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Tobacco Pipe-Smoking Pipe Not Only For Harmful Tobacco
Although tobacco pipes are considered old-fashioned, they have seen a resurgence in use as pipe tobacco and herbal tobacco rise in popularity.
Read along to understand what tobacco pipes are and the difference between pipe tobacco and herbal tobacco.
Pipes are not only “oldfashioned” but actually really old: used since thousands of years
What is a Tobacco Pipe?
A tobacco pipe is a pipe that’s traditionally constructed from wood or corn cobs.
Tobacco pipes are primarily used with pipe tobacco, which differs from regular rolling tobacco.
Tobacco pipes consist of a bowl, which is where the pipe tobacco is placed.
Tobacco pipes also contain a stem, where users inhale smoke from.
In general, the section that contains the chamber and bowl is constructed from a heavy-duty wood.
The stem, or mouthpiece, is typically made from a hardened plastic or amber material.
Overall, tobacco pipes are fairly heavy due to their construction, which also makes them very durable and can last a lifetime.
What’s The Difference Between Pipe Tobacco and Herbal Tobacco?
There is a very large difference between pipe tobacco and herbal tobacco.
First, herbal tobacco is much finer than pipe tobacco because herbal tobacco is generally meant to be rolled into cigarettes.
Pipe tobacco has a much rougher cut, which is why pipe tobacco leaves look much larger than in herbal tobacco.
The differences in size are due to how cigarettes and tobacco pipes are used.
Herbal tobacco is much finer because it must burn evenly with the rolling paper.
If it was any thicker, then smokable herbs wouldn’t fully burn – thus you’d waste it.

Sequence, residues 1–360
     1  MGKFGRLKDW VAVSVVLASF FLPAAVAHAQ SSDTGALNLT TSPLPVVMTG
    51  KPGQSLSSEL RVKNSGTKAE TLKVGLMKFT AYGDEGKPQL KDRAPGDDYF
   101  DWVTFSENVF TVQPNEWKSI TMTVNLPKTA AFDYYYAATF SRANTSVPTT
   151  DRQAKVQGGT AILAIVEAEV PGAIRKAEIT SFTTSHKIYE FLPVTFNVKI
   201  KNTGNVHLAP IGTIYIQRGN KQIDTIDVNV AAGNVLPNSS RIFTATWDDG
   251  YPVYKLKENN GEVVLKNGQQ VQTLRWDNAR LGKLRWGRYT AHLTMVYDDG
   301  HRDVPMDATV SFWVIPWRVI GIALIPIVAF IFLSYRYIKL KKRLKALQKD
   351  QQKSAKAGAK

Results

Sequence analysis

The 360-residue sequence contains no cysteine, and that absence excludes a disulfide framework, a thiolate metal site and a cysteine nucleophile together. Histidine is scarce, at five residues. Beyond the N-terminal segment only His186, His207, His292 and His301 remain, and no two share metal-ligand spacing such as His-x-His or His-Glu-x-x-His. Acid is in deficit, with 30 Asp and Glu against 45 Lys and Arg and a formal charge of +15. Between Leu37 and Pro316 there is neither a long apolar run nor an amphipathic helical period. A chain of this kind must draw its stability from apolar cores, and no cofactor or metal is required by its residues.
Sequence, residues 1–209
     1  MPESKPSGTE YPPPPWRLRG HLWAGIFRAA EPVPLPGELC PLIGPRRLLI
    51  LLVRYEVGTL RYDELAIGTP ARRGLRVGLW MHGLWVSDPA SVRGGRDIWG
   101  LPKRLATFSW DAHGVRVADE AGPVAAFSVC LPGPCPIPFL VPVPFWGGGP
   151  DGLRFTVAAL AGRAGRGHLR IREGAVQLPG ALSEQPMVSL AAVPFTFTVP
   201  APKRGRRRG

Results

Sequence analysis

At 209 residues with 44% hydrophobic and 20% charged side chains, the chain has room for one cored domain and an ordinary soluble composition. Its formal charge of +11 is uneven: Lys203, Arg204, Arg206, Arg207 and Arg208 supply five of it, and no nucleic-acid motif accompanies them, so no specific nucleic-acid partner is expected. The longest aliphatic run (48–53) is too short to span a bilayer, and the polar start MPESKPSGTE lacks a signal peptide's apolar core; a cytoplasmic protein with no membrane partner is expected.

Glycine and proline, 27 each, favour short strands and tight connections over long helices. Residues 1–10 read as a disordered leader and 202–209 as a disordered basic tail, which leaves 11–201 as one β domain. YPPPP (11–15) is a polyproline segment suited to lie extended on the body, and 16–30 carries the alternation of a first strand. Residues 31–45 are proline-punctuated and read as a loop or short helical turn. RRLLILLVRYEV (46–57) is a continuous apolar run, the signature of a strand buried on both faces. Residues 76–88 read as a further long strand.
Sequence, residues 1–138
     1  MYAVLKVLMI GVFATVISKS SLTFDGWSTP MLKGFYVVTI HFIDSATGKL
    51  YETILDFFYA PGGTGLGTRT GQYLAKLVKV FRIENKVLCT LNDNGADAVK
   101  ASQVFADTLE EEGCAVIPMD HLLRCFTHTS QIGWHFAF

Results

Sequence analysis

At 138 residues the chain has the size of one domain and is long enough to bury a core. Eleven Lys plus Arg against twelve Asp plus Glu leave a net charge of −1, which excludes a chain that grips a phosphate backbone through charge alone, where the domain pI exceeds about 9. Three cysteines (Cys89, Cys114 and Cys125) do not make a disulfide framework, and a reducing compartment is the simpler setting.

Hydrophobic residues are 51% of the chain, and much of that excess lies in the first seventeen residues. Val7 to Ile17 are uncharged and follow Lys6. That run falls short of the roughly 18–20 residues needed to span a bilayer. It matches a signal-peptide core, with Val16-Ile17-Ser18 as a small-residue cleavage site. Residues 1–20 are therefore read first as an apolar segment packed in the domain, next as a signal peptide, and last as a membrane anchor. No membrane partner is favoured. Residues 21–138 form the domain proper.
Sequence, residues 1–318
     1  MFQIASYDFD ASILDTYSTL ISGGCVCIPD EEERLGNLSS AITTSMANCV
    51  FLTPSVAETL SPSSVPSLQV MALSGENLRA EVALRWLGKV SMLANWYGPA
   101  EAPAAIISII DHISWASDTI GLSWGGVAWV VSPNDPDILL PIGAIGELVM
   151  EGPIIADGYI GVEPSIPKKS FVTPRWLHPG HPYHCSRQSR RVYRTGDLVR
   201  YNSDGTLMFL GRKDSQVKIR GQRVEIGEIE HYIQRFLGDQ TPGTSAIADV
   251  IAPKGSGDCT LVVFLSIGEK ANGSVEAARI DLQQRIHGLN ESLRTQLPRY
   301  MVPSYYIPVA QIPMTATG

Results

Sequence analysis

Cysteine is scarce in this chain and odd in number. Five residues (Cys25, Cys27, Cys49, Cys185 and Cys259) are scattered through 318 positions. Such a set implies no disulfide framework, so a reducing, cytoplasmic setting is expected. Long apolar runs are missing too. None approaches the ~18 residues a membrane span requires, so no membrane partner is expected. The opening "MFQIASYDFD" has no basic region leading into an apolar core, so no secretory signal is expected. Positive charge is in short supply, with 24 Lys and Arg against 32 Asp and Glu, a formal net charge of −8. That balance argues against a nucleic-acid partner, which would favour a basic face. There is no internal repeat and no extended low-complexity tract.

Pipe tobacco is cut much larger because it’s stuffed into the chamber in a tobacco pipe.
As a user lights it, the larger pieces of tobacco generate an ember, which keeps the tobacco lit.
This means that pipe tobacco smokers don’t have to constantly re-light their tobacco pipe over and over.
The other significant difference is in the smoke.
Herbal tobacco provides a smooth smoke that is far less harsh than pipe tobacco.
Since pipe tobacco is cut much larger than rolling tobacco, the smoke is much harsher.
In general, tobacco pipe smokers do not inhale since the smoke is too irritating in the lungs.
However, herbal tobacco is fuller in flavour comparing to pipe tobacco.
This is partially because herbal tobacco contains different smokable herbs such as: damiana, lavender and sometimes even spices like mint or cinnamon.
Did u know that pipe tobacco is higher quaity than cigarette tobacco?
Pipe Tobacco and Nicotine
If you smoke a tobacco pipe loaded with pipe tobacco, then you are absolutely being exposed to nicotine.
Nicotine is a natural compound in tobacco, which means that smoking pipe tobacco will lead to an addiction to nicotine.
Although tobacco pipe users don’t inhale, the nicotine is absorbed through the gums.
Since this is the case, pipe tobacco is almost as harmful as rolling tobacco and traditional cigarettes.
Herbal Tobacco is Natural Alternative to Pipe Tobacco
If you are a cannabis smoker and wish to elevate your experience: instead of normal pipe tobacco you can now choose special smoking herbal blends for pipes and be nicotine free!
Herbal tobacco is a loose-leaf blend of natural herbs that can be easily smoked in tobacco pipes.
By replacing pipe tobacco with herbal tobacco, you can experience smoking without creating a nicotine addiction.
Herbal blends consist chamomile, lavender, damiana and mint.
These herbs create a supportive and beneficial herbal blend that’s the perfect alternative to both pipe tobacco and regular tobacco.
Furthermore, herbal tobacco blends exceptionally well with cannabis flowers when rolled into a spliff or packed into a pipe.